Heirloom Seeds


Flora in a community environment is an important factor in shaping its identity. However, the process of unifying communities and cultures into similar global characteristics leads to loss of biodiversity. Colors, shapes and flavors disappear into hybrid varieties that are resistant to automated farming, transport and marketing. The Building, which is located next to the botanical garden at the Mikvah Israel Agricultural School, preserves rare seeds who have become obsolete and replaced by engineered hybrids. Apart from researchers and professionals, the building is also accessible to the public and to anyone who wishes to preserve seeds.

The garden is an integral part of the building and used for cultivation and research. The Building provides all the necessary infrastructure for seed processing, storage, breeding and research. Areas requiring different controlled climatic conditions are located side by side allowing for the entire lifecycle of the plant under one roof.

To facilitate different climatic environments, spaces requiring controlled temperature, humidity and light are placed in the center of the building in sealed rooms. A transparent envelope of glass and steel wraps them together, and in the intermediate areas between the rooms and the envelope the public areas are located, illuminated by natural light. Protected underground spaces serve as a bank in which seeds are stored for a long-term. The element of time is an essential factor in the building, which enables its existence. The building is a static and permanent object that contains changing dynamic processes that depend on the life cycle of the plant and the need to replenish the stock of stored seeds. The building creates a protected environment that protects a “treasure” and at the same time allows the implantation of the practice of preservation, access to biodiversity and in effect preserves our sources of food, heritage and culture.


Who influences you graphically?

The work of Éva Le roi inspires me. Her drawings are somewhere between fantasy and reality, and create unique results. Her manual graphic technique and shunning of digital media to create precise geometric shapes helps her generate an interesting outcome.

How important was the plan of the original botanical garden at the site designed in 1929 in the development of the project both conceptually and also in its drawing language?

The botanical garden was one of the main reasons for choosing Mikve-Israel as the building site. The garden, planed by Yechiel Segal, was designed under the influence of a French garden motive- the clear orthogonal segmentation, and an English garden motive- organic “natural” lines. The combination of the two created an “organized nature”. Segal’s garden plan was a guideline for my design of the building, that is also planned as an orthogonal system incorporating the natural processes of the plant life cycle.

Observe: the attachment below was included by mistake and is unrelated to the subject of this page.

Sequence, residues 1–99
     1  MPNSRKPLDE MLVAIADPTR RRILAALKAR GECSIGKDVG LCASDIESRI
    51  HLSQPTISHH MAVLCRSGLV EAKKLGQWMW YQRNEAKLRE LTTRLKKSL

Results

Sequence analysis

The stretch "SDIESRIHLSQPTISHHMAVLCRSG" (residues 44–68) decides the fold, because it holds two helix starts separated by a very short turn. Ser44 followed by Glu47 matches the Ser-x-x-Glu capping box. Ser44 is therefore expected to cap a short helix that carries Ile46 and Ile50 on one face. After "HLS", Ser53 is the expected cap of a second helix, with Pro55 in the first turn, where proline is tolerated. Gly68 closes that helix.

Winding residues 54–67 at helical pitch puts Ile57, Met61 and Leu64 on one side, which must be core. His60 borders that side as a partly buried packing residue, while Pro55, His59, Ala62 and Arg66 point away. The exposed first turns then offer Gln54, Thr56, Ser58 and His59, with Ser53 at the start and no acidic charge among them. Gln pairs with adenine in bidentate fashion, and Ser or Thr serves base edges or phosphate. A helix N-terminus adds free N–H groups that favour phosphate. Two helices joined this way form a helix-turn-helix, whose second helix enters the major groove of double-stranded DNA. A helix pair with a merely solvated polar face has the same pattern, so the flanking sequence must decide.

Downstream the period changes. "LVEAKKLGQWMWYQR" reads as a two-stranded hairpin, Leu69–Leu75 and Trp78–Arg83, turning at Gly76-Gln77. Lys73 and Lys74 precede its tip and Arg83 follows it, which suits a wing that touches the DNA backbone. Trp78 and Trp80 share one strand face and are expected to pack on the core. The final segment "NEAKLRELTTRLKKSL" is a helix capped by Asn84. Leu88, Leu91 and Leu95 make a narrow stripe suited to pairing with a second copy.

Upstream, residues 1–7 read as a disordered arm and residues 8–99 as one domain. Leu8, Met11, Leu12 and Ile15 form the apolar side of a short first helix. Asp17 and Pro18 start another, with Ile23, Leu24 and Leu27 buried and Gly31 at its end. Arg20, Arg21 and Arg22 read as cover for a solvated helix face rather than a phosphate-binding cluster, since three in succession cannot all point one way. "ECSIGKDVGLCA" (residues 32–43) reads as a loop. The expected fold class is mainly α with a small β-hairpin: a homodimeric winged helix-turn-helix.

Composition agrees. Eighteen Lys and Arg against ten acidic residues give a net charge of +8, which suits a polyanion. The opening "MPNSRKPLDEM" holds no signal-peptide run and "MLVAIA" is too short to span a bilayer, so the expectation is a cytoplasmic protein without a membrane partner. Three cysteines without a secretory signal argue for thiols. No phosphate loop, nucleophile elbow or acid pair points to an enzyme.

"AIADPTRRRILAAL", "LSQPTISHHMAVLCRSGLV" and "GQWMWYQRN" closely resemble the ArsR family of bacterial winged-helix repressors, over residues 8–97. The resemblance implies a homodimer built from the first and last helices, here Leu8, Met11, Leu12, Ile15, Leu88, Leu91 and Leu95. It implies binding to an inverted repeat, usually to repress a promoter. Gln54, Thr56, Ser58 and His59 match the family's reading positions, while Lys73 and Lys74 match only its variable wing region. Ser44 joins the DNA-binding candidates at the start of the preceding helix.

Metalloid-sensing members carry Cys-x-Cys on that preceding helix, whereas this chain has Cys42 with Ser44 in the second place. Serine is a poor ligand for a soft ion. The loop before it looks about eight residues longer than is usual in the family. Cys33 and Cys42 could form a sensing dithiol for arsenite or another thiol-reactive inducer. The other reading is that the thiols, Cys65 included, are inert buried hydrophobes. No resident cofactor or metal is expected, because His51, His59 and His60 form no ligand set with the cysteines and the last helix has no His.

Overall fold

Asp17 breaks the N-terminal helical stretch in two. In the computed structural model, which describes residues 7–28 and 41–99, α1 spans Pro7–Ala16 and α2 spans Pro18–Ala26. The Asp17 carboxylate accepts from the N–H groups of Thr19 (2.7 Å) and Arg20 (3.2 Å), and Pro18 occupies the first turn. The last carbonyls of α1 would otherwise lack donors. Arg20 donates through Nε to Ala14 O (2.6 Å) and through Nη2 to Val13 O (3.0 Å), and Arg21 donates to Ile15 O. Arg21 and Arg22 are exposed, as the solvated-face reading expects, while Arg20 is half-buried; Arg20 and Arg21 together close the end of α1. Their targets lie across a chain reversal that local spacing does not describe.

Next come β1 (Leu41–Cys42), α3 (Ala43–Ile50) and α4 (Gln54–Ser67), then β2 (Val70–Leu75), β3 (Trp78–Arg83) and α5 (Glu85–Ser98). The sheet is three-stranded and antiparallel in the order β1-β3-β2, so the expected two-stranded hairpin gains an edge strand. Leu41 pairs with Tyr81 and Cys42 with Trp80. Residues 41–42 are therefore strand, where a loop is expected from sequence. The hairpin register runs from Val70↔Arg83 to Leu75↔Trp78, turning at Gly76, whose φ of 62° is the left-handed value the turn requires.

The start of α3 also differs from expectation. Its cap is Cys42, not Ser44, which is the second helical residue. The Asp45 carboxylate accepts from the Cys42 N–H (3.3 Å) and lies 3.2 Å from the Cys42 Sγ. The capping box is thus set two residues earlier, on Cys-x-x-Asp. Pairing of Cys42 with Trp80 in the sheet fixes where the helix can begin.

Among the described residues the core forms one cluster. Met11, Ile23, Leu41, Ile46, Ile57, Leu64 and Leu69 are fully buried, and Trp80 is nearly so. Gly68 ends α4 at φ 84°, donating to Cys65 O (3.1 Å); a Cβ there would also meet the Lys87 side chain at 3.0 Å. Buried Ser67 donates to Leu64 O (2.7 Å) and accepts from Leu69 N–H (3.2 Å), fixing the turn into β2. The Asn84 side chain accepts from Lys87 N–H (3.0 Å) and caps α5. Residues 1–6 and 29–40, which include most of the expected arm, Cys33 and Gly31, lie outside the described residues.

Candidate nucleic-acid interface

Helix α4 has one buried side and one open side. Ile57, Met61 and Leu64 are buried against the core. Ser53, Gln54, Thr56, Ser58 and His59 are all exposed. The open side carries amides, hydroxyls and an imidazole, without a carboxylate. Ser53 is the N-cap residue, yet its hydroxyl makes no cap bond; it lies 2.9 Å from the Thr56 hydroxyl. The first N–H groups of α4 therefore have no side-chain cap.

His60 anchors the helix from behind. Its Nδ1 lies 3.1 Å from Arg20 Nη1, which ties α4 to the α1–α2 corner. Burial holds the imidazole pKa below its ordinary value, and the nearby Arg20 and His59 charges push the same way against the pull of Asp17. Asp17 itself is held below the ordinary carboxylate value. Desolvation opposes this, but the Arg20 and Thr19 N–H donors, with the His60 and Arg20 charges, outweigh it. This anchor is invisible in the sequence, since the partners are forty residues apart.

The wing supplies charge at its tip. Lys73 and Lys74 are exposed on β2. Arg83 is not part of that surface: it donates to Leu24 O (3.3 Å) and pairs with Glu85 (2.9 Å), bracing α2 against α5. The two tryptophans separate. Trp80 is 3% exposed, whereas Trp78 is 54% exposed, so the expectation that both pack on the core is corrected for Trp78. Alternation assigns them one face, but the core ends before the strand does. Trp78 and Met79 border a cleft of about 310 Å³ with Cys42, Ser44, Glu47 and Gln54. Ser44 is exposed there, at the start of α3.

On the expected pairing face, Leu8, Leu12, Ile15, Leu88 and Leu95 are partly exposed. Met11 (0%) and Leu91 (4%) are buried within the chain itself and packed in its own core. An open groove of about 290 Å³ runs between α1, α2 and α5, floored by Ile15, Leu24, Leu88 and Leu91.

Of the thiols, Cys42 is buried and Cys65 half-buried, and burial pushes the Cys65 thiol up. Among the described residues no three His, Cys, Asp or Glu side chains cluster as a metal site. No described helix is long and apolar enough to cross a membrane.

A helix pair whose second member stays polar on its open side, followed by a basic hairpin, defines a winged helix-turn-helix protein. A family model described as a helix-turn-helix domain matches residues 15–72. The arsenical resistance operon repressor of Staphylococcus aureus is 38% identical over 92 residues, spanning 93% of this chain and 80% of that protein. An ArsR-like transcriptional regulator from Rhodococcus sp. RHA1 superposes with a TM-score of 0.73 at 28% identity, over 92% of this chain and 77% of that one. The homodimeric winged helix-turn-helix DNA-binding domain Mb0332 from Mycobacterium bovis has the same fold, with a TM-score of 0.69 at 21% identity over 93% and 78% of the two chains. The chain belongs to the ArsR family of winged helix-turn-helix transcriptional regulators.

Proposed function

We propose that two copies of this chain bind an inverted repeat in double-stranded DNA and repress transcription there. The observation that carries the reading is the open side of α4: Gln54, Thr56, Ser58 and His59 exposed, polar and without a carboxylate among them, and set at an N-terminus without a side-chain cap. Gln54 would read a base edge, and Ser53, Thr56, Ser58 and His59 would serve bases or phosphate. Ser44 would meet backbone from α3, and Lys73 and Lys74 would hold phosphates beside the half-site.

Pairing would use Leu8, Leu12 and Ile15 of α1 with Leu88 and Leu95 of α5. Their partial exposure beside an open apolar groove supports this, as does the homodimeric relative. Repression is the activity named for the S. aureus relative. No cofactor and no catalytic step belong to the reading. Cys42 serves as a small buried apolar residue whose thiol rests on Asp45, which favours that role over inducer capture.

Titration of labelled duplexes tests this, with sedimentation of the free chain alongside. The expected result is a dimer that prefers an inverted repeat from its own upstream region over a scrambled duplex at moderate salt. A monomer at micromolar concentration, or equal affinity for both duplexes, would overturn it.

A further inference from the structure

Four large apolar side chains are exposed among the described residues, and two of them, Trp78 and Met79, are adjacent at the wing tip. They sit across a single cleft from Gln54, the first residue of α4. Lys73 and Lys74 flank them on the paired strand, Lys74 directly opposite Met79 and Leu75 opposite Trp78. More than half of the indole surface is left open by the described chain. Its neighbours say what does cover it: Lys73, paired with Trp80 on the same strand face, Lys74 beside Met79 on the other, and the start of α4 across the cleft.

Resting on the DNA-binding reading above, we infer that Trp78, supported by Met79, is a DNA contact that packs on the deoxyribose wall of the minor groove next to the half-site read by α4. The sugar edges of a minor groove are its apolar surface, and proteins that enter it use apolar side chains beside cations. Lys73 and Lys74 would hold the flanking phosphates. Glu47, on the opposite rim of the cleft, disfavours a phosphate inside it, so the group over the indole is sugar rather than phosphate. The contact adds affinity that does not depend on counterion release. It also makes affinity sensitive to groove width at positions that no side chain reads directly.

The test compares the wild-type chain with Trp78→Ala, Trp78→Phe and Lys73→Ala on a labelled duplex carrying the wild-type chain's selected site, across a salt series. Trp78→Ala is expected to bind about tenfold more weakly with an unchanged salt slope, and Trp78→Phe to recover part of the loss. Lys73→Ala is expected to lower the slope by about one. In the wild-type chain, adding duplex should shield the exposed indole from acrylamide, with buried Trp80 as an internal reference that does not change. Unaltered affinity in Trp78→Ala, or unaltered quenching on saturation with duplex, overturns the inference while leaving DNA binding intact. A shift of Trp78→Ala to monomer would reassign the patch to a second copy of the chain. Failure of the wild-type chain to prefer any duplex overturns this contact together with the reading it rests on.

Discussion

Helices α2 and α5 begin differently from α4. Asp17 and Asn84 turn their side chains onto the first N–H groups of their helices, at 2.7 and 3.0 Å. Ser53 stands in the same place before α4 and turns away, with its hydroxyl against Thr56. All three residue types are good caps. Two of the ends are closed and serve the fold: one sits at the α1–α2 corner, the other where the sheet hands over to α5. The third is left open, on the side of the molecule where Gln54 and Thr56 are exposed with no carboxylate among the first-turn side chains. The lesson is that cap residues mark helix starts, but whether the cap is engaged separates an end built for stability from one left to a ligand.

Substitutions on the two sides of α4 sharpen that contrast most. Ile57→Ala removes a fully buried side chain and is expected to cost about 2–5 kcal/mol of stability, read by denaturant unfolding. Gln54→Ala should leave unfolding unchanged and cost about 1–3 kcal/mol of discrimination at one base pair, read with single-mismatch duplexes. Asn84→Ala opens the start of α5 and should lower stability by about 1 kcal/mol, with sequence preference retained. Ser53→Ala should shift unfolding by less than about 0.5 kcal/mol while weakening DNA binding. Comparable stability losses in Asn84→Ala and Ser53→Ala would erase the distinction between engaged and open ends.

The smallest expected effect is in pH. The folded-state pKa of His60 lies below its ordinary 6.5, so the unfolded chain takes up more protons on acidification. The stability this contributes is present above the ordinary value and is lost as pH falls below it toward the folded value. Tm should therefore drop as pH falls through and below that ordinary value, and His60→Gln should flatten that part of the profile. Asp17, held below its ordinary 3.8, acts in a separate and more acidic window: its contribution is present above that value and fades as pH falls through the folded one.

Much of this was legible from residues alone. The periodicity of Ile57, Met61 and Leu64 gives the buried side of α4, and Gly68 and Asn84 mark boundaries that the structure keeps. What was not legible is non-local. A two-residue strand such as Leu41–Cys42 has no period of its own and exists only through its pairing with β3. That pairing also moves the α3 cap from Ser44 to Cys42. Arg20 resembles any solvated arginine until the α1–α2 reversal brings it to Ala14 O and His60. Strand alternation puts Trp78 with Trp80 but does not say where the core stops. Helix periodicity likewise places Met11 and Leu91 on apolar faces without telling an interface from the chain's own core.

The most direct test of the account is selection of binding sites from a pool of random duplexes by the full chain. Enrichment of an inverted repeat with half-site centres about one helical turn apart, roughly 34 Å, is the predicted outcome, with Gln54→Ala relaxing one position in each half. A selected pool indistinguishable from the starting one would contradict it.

Segal applied his drawing language of black minimalist lines for creating a very live vivid world, which was the same graphic goal I adopted in the project language.

What prompted the research?

I have met an Israeli seed saver named Harel Weiss, He introduced me to the seed savers community world. I started in a research on the working environment of seed savers. I have studied deeply the stages of seed preservation and the necessary infrastructures for the process. I visited the Israeli seed bank and after analysis many other seed bank buildings around the world I concluded that there is a lack of such institution that is accessible for the public in Israel. I decided to plan a building that will house every person that is interested in preserving and protecting rare seeds.

Could you expand a bit further on the notion of time? How did this influence the design and development of the project?

On the upper ground floors of the building, plants in their different life stages are stored next to each other, existing in an infinity cyclicality. On the underground floors of the building, seeds are stored for long-term, frozen at one historic point of time until they are taken out for re-planting. The upper ground is cyclic in time, while the underground is protected and time is stopped.

The building’s design is adjusted to the time element by designing a more diverse spaces on the upper floors that have easy circulation between them, while the underground floors are repetitive and have less traffic on a daily basis.

What defined the drawing as primary means through which you reveal the proposal? What dictated the use of the classic orthagonal projections?

Drawing is a tool for creating space in a precise realistic way. It gives me the freedom to create what I want, with the knowledge that the measures and proportion are right and the reference to human scale is working. Simplifying the image to lines leaves some room for imagination. One person can look at a plan and imagine a space a bit different than the other person looking at the same plan. The drawing states parameters that are unchangeable like the geometry, size, proportion etc. information that is not mentioned are left for interpretation like the colorfulness, light entrance and textures that I chose to leave unknown.

When talking about such vivid colours as those of nature, why the monochromatic palette?

The monochromatic palette have a unifying characteristic, an alignment of everything. Black and white representing the exists and the non-exists. Sometimes it’s the black that represent the exists and sometimes it’s the white.That is how I designed the space at first, later I stayed with the same graphic language until the final outcome of the images.

As the building content is constantly changing, so are it’s colors according to the flora that resides at a certain point of time, the season of the year and the plant developmental stage. This is why choosing a certain color palette will not describe the building in it’s right colors.